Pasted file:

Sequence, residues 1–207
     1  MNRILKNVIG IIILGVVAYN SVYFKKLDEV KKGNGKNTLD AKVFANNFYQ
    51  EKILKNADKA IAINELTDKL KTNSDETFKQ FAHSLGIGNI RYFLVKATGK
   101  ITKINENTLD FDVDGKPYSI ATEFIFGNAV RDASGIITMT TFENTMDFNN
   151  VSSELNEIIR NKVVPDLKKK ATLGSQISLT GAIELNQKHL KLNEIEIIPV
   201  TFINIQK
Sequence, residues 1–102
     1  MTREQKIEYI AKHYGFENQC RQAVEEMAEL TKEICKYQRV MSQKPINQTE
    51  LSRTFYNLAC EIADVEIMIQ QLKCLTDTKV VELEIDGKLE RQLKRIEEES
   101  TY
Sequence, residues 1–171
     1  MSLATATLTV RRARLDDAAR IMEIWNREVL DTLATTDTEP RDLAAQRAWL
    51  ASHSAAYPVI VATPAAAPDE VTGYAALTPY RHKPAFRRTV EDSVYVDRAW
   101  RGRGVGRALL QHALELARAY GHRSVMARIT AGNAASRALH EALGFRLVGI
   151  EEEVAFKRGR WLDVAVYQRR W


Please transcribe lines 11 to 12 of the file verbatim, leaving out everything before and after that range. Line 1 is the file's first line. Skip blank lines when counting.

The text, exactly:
Sequence, residues 1–171
     1  MSLATATLTV RRARLDDAAR IMEIWNREVL DTLATTDTEP RDLAAQRAWL